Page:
There was a time before the Fed announced it would commence sterilizing its Large Scale Asset Purchases when every day in which there was a Permanent Open Market Operation, or POMO (remember those?) was a gift from Bernanke, virtually assuring the market would ramp higher. This phenomenon had been documented extensively in Zero Hedge and elsewhere (a comprehensive analysis can be found in "POMO and Market Intervention: A Primer"). The pronounced market effect of POMO was diminished somewhat once the Fed sterilized the daily flow injection by selling short-term bonds to Primary Dealers, even though the Fed continues to buy $45 billion in long-term bonds to this day, effectively mopping up all 10 Year+ gross Treasury issuance, and keeping the stock of long bonds in the private market flat at ~$650 billion as we observed before. All of this is well known. What was not known is who were the Fed's POMO counterparties. Now we know. Yesterday, the Fed for the first time ever released Transaction level data for all of its Open Market Operations, in a time window starting with the passage of Dodd Frank on July 21, 2010 and through the end of the quarter. The Fed will now proceed to release quarterly POMO detail with a two year delay as part of its transparency objective.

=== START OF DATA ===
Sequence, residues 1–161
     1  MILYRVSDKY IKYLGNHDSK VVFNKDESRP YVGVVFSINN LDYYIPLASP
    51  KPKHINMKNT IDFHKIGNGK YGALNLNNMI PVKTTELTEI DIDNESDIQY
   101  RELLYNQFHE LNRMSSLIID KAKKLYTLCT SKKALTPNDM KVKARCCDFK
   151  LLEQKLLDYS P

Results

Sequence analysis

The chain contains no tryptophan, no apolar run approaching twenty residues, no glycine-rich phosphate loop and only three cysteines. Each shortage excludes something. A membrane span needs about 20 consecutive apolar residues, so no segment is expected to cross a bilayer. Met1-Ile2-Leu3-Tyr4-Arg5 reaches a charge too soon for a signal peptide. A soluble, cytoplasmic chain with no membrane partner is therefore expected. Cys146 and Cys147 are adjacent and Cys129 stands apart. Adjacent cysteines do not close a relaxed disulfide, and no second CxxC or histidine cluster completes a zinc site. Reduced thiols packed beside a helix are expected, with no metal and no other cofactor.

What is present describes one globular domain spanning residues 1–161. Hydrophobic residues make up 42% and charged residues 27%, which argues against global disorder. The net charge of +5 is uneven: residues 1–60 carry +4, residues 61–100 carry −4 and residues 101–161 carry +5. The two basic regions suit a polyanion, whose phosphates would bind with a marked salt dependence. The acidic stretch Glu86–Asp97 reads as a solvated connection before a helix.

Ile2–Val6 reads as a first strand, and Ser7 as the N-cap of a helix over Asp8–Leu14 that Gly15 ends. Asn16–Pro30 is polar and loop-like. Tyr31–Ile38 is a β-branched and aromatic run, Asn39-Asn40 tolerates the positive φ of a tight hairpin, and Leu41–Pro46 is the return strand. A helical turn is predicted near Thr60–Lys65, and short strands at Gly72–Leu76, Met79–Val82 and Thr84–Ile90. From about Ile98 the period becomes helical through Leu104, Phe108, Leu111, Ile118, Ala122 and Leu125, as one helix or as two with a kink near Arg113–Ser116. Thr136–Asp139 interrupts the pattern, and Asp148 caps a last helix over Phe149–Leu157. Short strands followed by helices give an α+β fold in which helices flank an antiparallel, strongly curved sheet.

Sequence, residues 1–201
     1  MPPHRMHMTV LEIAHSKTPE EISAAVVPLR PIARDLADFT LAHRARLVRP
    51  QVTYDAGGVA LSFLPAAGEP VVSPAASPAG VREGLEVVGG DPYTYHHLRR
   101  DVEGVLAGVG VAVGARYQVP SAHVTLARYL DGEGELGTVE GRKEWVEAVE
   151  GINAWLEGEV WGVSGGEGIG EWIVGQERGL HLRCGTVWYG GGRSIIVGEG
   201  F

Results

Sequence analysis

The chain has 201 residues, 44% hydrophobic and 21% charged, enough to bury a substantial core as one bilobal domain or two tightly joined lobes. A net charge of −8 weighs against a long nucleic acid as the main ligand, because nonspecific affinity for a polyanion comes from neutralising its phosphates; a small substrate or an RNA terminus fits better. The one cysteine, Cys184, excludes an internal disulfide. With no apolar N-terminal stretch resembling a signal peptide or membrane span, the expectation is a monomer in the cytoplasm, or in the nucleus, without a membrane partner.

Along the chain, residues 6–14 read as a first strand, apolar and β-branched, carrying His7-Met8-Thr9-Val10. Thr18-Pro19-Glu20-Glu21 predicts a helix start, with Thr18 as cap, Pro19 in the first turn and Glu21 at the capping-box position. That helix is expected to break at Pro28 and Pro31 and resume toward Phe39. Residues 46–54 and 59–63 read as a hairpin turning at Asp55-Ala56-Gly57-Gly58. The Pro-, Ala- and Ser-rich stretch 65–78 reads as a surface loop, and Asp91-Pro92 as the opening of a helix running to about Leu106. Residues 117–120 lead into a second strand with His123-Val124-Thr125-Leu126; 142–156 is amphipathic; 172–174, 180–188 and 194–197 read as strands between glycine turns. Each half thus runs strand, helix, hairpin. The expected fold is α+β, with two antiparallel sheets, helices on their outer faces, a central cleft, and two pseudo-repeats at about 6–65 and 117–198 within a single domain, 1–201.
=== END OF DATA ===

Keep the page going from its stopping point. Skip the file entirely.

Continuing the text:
The new data focuses on discount window transactions (completely irrelevant now that there are $1.7 trillion in excess reserves and the last thing banks need is overnight emergency lending from the Fed when there is already a liquidity tsunami floating, yet this is precisely what the WSJ focused on), on FX operations, and, our favorite, Open Market Operations, chief among them POMOs. What today's release reveals is that once again a conspiracy theory becomes fact, because we now know just which infamous bank was by fat the biggest monopolist of POMO operations in a period in which banks reported quarter after quarter of zero trading day losses. We leave it up to readers to discover just which bank we are referring to.
Total POMO notional in period July 21, 2010 - September 30, 2010 by bank.
And by number of transactions. Nuf said.
So the next time someone asks you how a firm can have just 2 trading days of minimal losses in a quarter...
... and 7 days of $100+ million trading day profits, such as in this case Goldman Sachs (source: Sept 30, 2010 10-Q), now you know.